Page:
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Goth Girls of Banff


Wanna add some edge to your mountain experience? To sharpen the dull blade of things, and let darkness descend, like beautiful sleep but with your eyes wide open? Call the Goth Girls of Banff. Available for photo shoots, social events, hikes, campfires, singly or in groups. Fully outfitted in deepest and darkest Gothwear, we can be more or less Vampiric, more or less Victorian, more or less Silent Film Man-Eaters and Vamps, and more or less Necromantic and Living Dead, according to special requests. If you're tired of silly Tilley hats and Gore-Tex, cotton and khaki and crave a touch of leather and lace, we're the gory Goth girls dressed up just for you. We're all about Goth aesthetics, no funny business, no sticky situations, no touchy-feely or long longing gazes, and absolutely no fiddly long-term relations. Interactions start at $100 per hour. Prices negotiable for entire afternoons. Can talk evenings for a fee. Request times, locations and nature of encounters. Terms and conditions apply and must be set prior to engagements. Goth Girls of Banff. We'll wrap dark wings around your wilderness day.

So this is a reckoning - yea, sort of a dead reckoning of how and why our Goth life ended. At least, how Linda's Goth career came to end. Linda, my alpha and omega, omega in the ascendant now, but not entirely. After all, she was the one got us started as Goths in the first place, and she was always the one, the first and foremost, you'll see. But I didn't think things were so, excuse me, grave. We had some good and bad times and Gothic experiences that were naughty and nice. That's life all over, isn't it? Light and dark, sweet and mean: a dog's soft belly or a dog's bum and breakfast. That's how it goes and that's what I think. But Linda always said, pushing her little sister down, "Jessie, leave the thinking to me. Your brain isn't equipped for figuring things out in these dark matters."

When we were on a job, she didn't want me thinking or speaking at all. She didn't want our clients to talk either, to get up close and personal. "It's about mystique," she'd say, spraying me with the word. "Make no mistake. The image is what drives the business, just as the ghost drives the machine." She'd make a spooky-film noise, stick her face close. I wasn't sure what she meant, but grinned anyway.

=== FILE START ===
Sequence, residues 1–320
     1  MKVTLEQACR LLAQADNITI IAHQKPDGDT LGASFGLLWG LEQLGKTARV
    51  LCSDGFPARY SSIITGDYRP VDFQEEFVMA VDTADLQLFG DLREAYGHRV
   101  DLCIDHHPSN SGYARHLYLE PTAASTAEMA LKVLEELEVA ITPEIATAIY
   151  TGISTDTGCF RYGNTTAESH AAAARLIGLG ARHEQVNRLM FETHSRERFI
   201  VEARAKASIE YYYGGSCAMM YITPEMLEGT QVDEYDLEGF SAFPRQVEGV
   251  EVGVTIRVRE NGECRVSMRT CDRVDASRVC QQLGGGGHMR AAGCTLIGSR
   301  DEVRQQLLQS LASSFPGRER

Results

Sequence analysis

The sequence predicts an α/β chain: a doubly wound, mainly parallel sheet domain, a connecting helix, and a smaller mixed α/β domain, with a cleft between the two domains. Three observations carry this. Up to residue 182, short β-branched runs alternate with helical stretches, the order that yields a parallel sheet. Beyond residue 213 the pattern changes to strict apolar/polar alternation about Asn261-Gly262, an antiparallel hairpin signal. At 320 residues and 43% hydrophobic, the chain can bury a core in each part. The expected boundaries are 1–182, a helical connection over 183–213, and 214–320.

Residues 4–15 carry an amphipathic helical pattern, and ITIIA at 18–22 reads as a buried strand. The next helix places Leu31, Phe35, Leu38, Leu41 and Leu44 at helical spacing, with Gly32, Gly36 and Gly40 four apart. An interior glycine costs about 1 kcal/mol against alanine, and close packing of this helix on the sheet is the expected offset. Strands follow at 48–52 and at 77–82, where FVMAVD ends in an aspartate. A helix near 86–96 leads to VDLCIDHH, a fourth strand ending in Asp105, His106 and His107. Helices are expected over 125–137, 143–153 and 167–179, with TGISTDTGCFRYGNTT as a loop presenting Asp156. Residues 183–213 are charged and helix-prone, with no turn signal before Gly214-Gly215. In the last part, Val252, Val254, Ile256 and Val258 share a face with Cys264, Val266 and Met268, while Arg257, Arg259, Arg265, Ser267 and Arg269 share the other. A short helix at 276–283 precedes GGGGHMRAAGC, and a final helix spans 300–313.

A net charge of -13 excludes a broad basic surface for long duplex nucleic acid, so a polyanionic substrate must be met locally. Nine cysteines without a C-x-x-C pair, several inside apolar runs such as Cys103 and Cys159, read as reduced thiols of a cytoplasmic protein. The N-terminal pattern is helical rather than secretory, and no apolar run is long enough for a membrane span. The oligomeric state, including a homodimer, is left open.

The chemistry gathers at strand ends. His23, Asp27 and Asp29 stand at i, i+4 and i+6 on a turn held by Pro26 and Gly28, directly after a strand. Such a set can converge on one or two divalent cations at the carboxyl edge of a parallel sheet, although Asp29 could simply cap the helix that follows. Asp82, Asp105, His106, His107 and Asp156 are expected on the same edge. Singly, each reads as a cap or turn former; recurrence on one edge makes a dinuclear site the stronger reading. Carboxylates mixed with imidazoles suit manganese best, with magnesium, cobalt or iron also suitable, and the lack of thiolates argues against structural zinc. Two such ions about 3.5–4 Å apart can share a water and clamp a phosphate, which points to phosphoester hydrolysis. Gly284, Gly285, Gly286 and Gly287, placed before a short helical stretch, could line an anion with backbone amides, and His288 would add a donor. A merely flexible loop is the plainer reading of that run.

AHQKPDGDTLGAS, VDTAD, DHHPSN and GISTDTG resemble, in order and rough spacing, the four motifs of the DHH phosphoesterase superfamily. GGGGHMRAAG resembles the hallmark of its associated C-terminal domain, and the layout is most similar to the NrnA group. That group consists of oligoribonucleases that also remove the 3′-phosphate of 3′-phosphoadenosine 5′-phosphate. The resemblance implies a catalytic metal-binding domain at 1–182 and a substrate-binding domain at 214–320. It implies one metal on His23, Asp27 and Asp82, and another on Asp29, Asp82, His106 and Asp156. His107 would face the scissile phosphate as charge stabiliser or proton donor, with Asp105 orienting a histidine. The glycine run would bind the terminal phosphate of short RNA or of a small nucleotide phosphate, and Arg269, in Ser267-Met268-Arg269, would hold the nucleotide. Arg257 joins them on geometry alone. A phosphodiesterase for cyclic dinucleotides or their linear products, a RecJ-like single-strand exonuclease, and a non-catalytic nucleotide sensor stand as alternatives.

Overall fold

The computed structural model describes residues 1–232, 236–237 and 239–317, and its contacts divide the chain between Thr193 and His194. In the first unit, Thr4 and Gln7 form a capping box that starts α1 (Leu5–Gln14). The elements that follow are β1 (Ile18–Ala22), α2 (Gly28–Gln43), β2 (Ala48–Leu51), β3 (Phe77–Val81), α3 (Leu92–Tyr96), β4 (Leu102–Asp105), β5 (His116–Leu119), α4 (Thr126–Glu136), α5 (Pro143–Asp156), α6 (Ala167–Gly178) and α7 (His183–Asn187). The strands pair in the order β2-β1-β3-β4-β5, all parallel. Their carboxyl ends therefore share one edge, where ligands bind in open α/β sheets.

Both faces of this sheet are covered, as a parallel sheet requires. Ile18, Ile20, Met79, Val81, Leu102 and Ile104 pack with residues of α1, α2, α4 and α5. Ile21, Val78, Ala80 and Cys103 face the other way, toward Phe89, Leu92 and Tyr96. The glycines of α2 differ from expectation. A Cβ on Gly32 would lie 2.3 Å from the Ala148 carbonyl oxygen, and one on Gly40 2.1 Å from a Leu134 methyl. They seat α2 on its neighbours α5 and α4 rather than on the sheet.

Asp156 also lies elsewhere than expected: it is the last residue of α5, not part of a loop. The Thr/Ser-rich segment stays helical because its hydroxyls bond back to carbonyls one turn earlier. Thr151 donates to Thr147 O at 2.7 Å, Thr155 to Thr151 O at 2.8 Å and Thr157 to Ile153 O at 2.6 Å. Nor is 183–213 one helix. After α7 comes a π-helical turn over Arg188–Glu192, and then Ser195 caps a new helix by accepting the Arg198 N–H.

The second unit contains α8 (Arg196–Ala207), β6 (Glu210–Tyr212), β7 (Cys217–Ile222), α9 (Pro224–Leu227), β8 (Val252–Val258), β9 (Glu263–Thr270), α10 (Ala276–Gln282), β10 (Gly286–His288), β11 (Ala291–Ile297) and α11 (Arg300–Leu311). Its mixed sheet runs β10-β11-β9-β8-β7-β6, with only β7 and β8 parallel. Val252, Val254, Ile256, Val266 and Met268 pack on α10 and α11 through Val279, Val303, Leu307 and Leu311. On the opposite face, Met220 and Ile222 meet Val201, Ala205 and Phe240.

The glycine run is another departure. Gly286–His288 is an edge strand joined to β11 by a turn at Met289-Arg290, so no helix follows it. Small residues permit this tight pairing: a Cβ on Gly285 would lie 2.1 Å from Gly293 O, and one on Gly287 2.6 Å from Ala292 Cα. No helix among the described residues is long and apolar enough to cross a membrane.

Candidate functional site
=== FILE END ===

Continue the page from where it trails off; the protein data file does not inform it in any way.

The last few months had been strange for sure. The first bad experience in those last days, the one that pushed Linda over the edge and round the big bend, as she said, took the shadowy shape of our 7th client that summer (scary number 7, like the 7th seal unsealed in our little lives), a WW II vet named Elmer Spragge. He was sweet as his goofy name, bristly and old as a BC Douglas fir but cute as a pencil. And he looked like a chewed up pencil, forehead scarred below his eraser-hair, with a red thumbprint on the nape of his neck. I guess he'd done the dye job himself. He had the darkest, bruised-blue eyes I'd ever seen, and they matched his Canadian Legion jacket, lapels clotheslined with medals. The weight of them pulled him forward, as if some deathless demon had taken his beef-jerky arm and was hurrying the old soldier along.

He'd seen our ad in the mountain paper The Bergschrund. Elmer was intrigued, hired us for an afternoon. When we met him, Linda whispered in my bejeweled ear: "He looks like he'll croak in the middle of the job." I wanted to say, "What a way to go," but didn't. We spent the first fifteen minutes outside the Royal Canadian Legion hall on Banff Avenue, examining Elmer's medals (the only medals I'd ever seen were fake ones, gold wrapped chocolate discs in Sugar Mountain). He had ten or so on his scooped-out chest, hanging from a rainbow ribbon. The one he was really proud of was pinned high, separate - a white metal badge, maple-leaf shaped, inset with tiny rhinestones and a number 2 in the middle. He'd served in the Queen's Own Rifles. I tried to get interested, but when I got close, almost nibbling his lapel, he smelled bad, with a ripe, cemetery stink. Where did he live, in a grave, tomb or crypt, place unsealed so he could seek us out, hoping we were from the same smoking hole? I admit I kind of liked the idea.